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Call an occupation an occupation

In his speech last week, Israeli Prime Minister Benjamin Netanyahu said much of what one might have expected at the annual conference of the American Israel Public Affairs Committee. But what was most telling was the one word he didn’t utter: occupation.

It wasn’t just Netanyahu who steered clear of the word. So too did U.S. Secretary of State John Kerry in his comments the night before. It is this act of repeated omission that adds so much confusion to the simple question of what concerned Americans must do to advance human rights in the region.

{mosads}As a major supplier of arms and military aid to Israel, the U.S. government is not just a convener of “peace talks” and negotiations. It is also a major investor in the status quo, a state of affairs in which millions of Palestinian civilians face the risk of brutal violence from Israeli security forces simply for peacefully exercising their human rights. That’s why the U.S. government must stop providing weapons, ammunition, military equipment and training to Israel until Israeli security forces stop violating Palestinian human rights and are held accountable for past violations.

Ultimately, the UN Security Council should impose an international arms embargo on Israel, Hamas, and Palestinian armed groups in Gaza. But that shouldn’t stop the U.S. from suspending military support to Israel now. The human rights violations and abuses perpetrated by Hamas or armed Palestinian groups do not justify Israel’s violations in the West Bank, including East Jerusalem.

For those living under Israeli military occupation in the Palestinian West Bank, there is a two-track system of law for two different populations. The hundreds of thousands of Israeli Jews who reside in illegal West Bank settlements live under Israeli civil law with the protection of Israeli security forces. Palestinians, however, live under a separate system of Israeli military law that eviscerates their human rights to freedom of expression and association. This military rule is enforced – sometimes lethally – by the very Israeli security forces which protect those illegal Jewish settlers.

Perhaps the best example of this is Israeli Military Order 101, which prohibits all gatherings of 10 or more people “for a political purpose or for a matter that could be interpreted as political” or even “to discuss such a topic.” Any such gathering is illegal without the permission of the Israeli military commander in the area.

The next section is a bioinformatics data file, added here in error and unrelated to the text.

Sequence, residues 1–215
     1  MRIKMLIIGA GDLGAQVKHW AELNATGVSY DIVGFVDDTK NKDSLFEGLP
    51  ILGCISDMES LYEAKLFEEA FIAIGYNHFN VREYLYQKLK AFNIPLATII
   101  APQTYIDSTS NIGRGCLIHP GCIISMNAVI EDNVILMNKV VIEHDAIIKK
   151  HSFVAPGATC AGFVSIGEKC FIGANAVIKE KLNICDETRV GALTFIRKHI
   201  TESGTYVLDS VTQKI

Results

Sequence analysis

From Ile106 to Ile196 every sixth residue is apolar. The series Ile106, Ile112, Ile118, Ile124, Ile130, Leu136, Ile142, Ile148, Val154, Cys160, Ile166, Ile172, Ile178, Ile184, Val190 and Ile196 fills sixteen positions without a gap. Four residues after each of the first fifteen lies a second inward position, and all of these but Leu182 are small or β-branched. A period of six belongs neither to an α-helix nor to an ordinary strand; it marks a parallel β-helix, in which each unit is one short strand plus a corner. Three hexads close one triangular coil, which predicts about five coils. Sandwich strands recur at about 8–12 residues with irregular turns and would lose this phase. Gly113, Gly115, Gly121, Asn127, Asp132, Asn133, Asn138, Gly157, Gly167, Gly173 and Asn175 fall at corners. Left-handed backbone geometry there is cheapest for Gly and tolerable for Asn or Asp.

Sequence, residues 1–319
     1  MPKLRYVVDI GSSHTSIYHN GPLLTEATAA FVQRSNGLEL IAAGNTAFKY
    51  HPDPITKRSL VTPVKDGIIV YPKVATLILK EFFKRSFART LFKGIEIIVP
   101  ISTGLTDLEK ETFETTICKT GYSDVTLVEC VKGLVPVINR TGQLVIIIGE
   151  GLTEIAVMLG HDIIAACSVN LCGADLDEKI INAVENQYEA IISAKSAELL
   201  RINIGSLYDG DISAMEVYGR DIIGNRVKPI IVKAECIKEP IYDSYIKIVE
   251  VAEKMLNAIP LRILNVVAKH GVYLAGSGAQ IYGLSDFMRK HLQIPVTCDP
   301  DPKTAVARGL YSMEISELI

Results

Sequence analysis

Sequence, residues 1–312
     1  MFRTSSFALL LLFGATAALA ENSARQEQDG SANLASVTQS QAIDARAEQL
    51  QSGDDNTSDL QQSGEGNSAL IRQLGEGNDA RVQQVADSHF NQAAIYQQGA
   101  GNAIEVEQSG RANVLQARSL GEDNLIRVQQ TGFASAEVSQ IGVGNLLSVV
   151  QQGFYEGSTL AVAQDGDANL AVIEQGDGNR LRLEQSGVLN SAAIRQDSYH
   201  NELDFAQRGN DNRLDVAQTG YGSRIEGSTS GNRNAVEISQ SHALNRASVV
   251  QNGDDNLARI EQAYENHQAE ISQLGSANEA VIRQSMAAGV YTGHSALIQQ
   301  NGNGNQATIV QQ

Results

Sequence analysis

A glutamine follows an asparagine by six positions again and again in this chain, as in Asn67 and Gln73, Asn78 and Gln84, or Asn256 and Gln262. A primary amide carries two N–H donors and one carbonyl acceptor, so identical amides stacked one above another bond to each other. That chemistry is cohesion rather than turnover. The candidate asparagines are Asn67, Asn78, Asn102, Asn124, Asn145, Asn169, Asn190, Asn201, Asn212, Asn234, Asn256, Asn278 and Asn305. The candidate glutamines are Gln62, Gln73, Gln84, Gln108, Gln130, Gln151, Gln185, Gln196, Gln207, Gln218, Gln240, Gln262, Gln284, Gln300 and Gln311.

When Palestinians inevitably violate Order 101 or other similar rules, they risk a violent response from Israeli soldiers and police. In our latest report, “Trigger Happy: Israel’s Use of Excessive Force in the West Bank,” Amnesty International details just how Israeli soldiers and police in the West Bank use everything from live ammunition to tear gas to violently crack down on Palestinians engaged in largely peaceful acts of protest.

According to the UN, Israeli forces killed more West Bank Palestinians in 2013 than the combined totals for 2011 and 2012. Forty-five were killed in the past three years.   During the same period, at least 261 Palestinians in the West Bank, including 67 children, were seriously injured by live ammunition fired by Israeli forces. Since January 2011, over 8,000 Palestinians in the West Bank, including 1,500 children, have been wounded by other means. These include rubber-coated metal bullets and the reckless use of tear gas.

Some Palestinians in the West Bank do throw rocks at Israeli security forces enforcing the occupation. However, such acts generally do not pose a serious risk to Israeli security forces, given soldiers’ distance from protestors and the heavily protected nature of their positions. The Israeli army’s penchant for responding to rocks with lethal violence flies in the face of international law.

Against this backdrop of violence by the military,

Israel reportedly doubled the construction of Jewish-only settlements in the West Bank between 2012 and 2013. This settlement construction frequently involves the forcible confiscation of Palestinian farmland, villages, and roads, which often involves even more violence against Palestinian protestors.

All of this brings us back to the original sin – leaving the word occupation out of the public conversation. The fact of the matter is that Israel maintains complete control over 60 percent of the West Bank. Meanwhile, the Palestinian Authority has limited jurisdiction in some 230 separate enclaves that are each surrounded by other areas under full Israeli military administration.

Instead of obscuring this reality, President Barack Obama and Secretary of State John Kerry must be transparent in their language. Not only that, but the role of U.S. military aid in subsidizing Israeli human rights violations must also be acknowledged. The human rights abuses perpetrated by Hamas or Hezbollah are no justification for Israel’s violations in the West Bank. And as the largest outside source of arms to Israel, the Obama Administration must acknowledge this. It is time for a real “peace process” that addresses American military complicity in Israel’s human rights violations in the occupied West Bank.

Bery is advocacy director for the Middle East and North Africa at Amnesty International USA.

Tags Barack Obama John Kerry

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